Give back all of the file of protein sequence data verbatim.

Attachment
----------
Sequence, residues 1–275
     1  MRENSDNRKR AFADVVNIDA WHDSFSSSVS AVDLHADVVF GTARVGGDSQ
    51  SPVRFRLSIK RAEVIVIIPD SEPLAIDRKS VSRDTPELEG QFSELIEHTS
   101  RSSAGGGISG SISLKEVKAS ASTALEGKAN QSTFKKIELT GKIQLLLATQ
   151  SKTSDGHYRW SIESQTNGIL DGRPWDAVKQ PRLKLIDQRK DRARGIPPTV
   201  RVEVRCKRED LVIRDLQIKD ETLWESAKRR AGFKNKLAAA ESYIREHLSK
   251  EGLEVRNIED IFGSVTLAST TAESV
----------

Sequence, residues 1–275
     1  MRENSDNRKR AFADVVNIDA WHDSFSSSVS AVDLHADVVF GTARVGGDSQ
    51  SPVRFRLSIK RAEVIVIIPD SEPLAIDRKS VSRDTPELEG QFSELIEHTS
   101  RSSAGGGISG SISLKEVKAS ASTALEGKAN QSTFKKIELT GKIQLLLATQ
   151  SKTSDGHYRW SIESQTNGIL DGRPWDAVKQ PRLKLIDQRK DRARGIPPTV
   201  RVEVRCKRED LVIRDLQIKD ETLWESAKRR AGFKNKLAAA ESYIREHLSK
   251  EGLEVRNIED IFGSVTLAST TAESV